The role of the media in perpetuating and cultivating negative connotations of all things Muslim, is analysed in detail in chapters 3 and 4 of the book. What is especially problematic is that some, originally left-leaning, liberal intellectuals, have adopted a tone of wholesale criticism of Islam and ‘the Muslims’. The contribution by the editor, Thorsten G. Schneider, a political scientist and scholar of Islamic studies, unmasks the unsavoury methods by which some of those intellectuals (many of whom have never pursued degrees in Islamic studies or Orientalistik) pass off their warnings against an undifferentiated Islamic threat as an exercise in ‘casting light on the nature of Islam’.
In addition to these mildly depressing findings about the attitudes and behaviour among German civil society towards Muslims – who, after all, by now have become an integral part of it – the papers in the volume also present some reason for hoping that Islam might one day be recognised as on an equal footing with Christianity and Judaism. Several contributors point to the painful, but eventually successful, path towards equal treatment that, historically, was part of the Jewish experience in Christian societies and which might now serve as an inspiration for Muslims.
Even though the number of papers included in the volume – the total of which runs to 28 – might seem a little daunting to the layperson and casual reader, the diversity of disciplines and approaches represented by the contributors shows clearly the relevance of the phenomenon of “Islamophobia”, and its consequences, across society as a whole.

Mohammed Khallouk

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Über mohammedkhallouk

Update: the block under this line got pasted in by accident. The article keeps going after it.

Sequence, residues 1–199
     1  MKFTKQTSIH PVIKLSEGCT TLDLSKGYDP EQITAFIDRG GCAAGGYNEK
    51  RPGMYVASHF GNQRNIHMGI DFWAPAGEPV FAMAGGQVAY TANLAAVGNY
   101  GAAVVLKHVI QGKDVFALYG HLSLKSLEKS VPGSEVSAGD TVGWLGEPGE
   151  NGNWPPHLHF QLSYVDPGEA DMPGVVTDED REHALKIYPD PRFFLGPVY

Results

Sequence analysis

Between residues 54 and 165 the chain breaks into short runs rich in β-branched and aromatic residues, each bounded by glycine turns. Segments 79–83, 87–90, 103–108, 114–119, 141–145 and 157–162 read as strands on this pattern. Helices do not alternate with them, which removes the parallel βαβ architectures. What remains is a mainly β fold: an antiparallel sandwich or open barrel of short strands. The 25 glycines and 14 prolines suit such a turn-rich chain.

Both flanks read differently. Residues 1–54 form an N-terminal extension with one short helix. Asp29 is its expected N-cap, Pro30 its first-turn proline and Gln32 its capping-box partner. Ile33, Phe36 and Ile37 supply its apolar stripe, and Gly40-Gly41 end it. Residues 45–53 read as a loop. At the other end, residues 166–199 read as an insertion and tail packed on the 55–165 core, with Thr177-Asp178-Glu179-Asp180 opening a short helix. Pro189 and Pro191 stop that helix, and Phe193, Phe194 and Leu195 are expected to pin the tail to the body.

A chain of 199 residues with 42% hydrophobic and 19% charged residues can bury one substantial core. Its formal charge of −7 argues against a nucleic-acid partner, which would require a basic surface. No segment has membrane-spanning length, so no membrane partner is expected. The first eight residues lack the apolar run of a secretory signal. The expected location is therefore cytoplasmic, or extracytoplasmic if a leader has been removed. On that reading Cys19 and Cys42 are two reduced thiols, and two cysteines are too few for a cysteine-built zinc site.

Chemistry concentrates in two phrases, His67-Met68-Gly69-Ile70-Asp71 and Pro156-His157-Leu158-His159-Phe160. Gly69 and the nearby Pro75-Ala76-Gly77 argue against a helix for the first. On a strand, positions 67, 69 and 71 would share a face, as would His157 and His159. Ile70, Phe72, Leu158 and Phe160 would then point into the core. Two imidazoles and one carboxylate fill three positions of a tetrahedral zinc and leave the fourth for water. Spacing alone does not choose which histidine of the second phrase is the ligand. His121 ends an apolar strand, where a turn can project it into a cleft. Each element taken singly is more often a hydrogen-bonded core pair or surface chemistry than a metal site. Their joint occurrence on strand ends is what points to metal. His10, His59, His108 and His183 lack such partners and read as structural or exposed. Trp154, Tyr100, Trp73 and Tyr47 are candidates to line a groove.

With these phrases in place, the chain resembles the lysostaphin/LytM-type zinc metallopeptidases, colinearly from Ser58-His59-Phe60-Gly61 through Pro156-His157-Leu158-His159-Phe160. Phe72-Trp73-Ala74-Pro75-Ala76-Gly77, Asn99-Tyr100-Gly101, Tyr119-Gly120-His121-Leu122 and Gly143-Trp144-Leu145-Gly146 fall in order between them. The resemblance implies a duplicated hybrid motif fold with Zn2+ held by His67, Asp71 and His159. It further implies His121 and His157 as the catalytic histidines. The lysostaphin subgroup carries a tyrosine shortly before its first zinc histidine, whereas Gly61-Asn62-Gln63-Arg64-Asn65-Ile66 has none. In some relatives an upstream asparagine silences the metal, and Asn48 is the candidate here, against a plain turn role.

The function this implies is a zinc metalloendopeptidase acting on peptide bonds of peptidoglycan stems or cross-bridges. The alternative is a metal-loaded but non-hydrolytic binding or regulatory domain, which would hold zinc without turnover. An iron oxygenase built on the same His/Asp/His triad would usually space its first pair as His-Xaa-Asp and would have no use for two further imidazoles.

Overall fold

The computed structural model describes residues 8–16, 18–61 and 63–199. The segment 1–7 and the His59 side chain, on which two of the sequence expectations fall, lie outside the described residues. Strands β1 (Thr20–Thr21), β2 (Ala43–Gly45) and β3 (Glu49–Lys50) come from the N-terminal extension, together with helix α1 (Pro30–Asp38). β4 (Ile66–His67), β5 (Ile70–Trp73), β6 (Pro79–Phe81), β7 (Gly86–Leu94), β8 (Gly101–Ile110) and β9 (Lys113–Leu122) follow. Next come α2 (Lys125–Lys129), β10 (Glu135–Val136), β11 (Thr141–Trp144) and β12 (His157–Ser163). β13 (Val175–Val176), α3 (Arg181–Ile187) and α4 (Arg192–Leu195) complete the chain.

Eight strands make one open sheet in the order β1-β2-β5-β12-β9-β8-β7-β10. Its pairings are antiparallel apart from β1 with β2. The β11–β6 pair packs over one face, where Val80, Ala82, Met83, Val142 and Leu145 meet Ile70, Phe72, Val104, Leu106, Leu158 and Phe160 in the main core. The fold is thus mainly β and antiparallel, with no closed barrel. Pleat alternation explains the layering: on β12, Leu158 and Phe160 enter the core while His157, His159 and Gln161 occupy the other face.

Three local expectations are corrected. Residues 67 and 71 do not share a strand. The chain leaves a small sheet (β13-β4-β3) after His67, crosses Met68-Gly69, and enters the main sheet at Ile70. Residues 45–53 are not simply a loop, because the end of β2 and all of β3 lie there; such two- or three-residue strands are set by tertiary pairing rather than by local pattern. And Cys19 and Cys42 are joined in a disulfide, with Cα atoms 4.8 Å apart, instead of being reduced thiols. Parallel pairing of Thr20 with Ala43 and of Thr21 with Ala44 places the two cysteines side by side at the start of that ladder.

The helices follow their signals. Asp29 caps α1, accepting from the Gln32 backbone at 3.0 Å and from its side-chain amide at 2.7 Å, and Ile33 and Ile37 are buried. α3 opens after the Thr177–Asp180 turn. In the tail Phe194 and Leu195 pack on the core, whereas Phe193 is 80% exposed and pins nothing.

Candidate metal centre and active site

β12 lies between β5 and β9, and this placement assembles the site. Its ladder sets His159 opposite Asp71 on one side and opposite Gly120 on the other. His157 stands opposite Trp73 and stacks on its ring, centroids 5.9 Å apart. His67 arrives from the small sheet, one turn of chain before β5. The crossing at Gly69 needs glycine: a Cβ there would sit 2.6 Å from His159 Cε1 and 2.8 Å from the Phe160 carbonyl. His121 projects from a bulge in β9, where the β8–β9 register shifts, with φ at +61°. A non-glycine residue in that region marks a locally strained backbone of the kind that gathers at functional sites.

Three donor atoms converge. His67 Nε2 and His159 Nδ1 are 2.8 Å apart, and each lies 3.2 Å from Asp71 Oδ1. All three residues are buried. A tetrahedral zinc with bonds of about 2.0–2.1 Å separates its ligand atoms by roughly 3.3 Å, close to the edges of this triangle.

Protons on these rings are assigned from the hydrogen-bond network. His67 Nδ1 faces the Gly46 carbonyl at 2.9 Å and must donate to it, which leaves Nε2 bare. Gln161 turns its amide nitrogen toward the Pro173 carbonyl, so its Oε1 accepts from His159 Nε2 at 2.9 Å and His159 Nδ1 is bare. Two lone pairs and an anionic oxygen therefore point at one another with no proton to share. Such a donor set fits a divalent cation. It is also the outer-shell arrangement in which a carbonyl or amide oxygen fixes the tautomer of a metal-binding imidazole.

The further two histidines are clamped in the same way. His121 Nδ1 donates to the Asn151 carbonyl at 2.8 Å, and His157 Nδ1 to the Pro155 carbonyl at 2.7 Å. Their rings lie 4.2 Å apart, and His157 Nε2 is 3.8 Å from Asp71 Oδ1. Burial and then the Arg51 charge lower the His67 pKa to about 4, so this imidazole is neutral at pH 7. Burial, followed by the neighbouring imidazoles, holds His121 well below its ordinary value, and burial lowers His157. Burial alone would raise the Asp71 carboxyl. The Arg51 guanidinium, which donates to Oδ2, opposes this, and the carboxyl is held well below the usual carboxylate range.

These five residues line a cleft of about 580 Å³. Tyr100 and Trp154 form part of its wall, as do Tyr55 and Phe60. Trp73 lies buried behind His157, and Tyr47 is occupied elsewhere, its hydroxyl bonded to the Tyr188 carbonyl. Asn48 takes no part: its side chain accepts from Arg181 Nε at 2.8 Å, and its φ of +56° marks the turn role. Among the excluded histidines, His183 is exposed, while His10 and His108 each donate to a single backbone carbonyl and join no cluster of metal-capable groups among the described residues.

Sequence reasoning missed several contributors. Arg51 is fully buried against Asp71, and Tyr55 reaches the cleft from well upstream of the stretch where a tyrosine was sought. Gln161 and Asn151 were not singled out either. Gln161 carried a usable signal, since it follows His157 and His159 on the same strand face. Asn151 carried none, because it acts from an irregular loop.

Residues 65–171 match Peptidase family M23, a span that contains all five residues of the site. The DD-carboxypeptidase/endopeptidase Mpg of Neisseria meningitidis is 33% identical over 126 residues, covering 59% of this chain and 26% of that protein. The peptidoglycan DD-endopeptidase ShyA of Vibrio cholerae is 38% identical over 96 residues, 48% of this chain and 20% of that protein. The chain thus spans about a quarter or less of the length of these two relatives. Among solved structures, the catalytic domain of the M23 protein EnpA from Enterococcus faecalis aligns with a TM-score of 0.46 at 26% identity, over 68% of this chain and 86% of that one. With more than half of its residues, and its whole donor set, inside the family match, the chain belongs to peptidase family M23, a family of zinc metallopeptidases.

Herzlich Willkommen auf dem Blog von Mohammed Khallouk. Auf den folgenden Seiten erhalten Sie einen Überblick über meine publizistischen und akademischen Aktivitäten: Ich bin Politologe, Arabist und Islamwissenschaftler. Schwerpunktmäßig beschäftige ich mich mit dem Verhältnis von Religion und Politik sowie zwischen Westen und Islamischer Welt. Ich habilitiere über die jüdische Minderheit in Marokko an der Universität der Bundeswehr München. Außerdem bin ich Beauftragter für wissenschaftliche Expertise des Zentralrats der Muslime in Deutschland (ZMD). wissenschaftliches Profil: • 1993-1997 Studium der Arabistik und Islamwissenschaft an der Mohammed V. – Universität Rabat/Marokko • 1999-2003 Studium der Politikwissenschaft mit den Nebenfächern Französisch und Allgemeine Sprachwissenschaft an der Philipps-Universität Marburg • 2004-2007 Promotion in Politikwissenschaft an der Philipps-Universität Marburg • Seit 2009 Habilitation im Bereich Internationale Beziehungen an der Universität der Bundeswehr München • 2008-2011 Lehrbeauftragter im Bereich Politische Theorien und Ideengeschichte an der Philipps-Universität Marburg • 2010-2011 Lehrbeauftragter im Bereich Staat, Religion und Geschichte an der Universität der Bundeswehr München Forschungsschwerpunkte: • Das Verhältnis von Islam und Moderne • Kulturdialog zwischen Westen und Islamischer Welt • Lösungsstrategien zu Konflikten der MENA-Region • Das arabische Judentum in Historie und Gegenwart • Integration der muslimischen Minorität in Deutschland • Der deutsche Mediendiskurs über Islam ausgewählte Beiträge und Publikationen: • Der Nahe Osten am Scheideweg – Haben Israelis und Palästinenser noch eine Chance zu friedlichem Zusammenleben; LIT-Verlag, Münster 2003 • Islamischer Fundamentalismus vor den Toren Europas – Marokko zwischen Rückfall ins Mittelalter und westlicher Modernität, VS Verlag, Wiesbaden 2008 • Die Orientierung am Wort Gottes als Fundament unendlicher menschlicher Kreativität, lamed, Zeitschrift Stiftung Zürcher Lehrhaus, 5 6, Februar 2010 • Franz Rosenzweigs jüdischer Existentialismus als Vorbild für den interreligiösen Dialog, Information Philosophie 2/2010, Mai 2010 • 1001 Fremder im Paradies, Mediterranes 2/2010 • Die deutsche Orientalistik der Gegenwart – Vermittler gesellschaftlicher Erkenntnis oder Instrument wissenschaftlicher Bestätigung islamfeindlicher Ressentiments? Ein Dialog mit Udo Steinbach, Aufklärung & Kritik, Heft 39, Juli 2011 Informationen über meine Lehrveranstaltungen finden Sie auf der Website der Philipps-Universität Marburg http://www.uni-marburg.de/studium und auf der Website der Universität der Bundeswehr München http://www.unibw.de/startseite/ Kontakt: mohammed.khallouk@yahoo.de Die Links in diesem Blog geben nicht die Meinung des Betreibers wieder. Sie werden zu wissenschaftlichen und Informationszwecken publiziert.